|Title||Tissue-engineered blood vessels as promising tools for testing drug toxicity.|
|Publication Type||Journal Article|
|Year of Publication||2015|
|Authors||GA Truskey, and CE Fernandez|
|Journal||Expert Opinion on Drug Metabolism & Toxicology|
|Pagination||1021 - 1024|
Drug-induced vascular injury (DIVI) is a serious problem in preclinical studies of vasoactive molecules and for survivors of pediatric cancers. DIVI is often observed in rodents and some larger animals, primarily with drugs affecting vascular tone, but not in humans; however, DIVI observed in animal studies often precludes a drug candidate from continuing along the development pipeline. Thus, there is great interest by the pharmaceutical industry to identify quantifiable human biomarkers of DIVI. Small-scale endothelialized tissue-engineered blood vessels using human cells represent a promising approach to screen drug candidates and develop alternatives to cancer therapeutics in vitro. We identify several technical challenges that remain to be addressed, including high-throughput systems to screen large numbers of candidates, identification of suitable cell sources and establishing and maintaining a differentiated state of the vessel wall cells. Adequately addressing these challenges should yield novel platforms to screen drugs and develop new therapeutics to treat cardiovascular disease.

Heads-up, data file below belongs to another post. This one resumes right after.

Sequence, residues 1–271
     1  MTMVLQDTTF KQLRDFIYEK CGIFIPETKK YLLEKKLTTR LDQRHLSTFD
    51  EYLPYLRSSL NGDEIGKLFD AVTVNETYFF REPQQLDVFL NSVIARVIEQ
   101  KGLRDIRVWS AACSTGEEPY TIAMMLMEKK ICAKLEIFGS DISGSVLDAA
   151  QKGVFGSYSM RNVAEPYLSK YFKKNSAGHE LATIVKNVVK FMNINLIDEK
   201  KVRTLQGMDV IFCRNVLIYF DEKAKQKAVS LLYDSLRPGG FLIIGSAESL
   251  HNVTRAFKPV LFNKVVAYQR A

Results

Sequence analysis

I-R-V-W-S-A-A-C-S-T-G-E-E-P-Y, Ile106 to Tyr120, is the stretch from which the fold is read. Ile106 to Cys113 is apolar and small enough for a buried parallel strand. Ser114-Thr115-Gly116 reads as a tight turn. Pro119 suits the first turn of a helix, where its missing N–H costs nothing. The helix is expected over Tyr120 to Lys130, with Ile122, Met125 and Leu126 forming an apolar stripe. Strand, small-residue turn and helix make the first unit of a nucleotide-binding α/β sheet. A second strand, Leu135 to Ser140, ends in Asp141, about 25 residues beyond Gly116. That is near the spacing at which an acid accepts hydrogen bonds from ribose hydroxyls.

|Short Title||Expert Opinion on Drug Metabolism & Toxicology|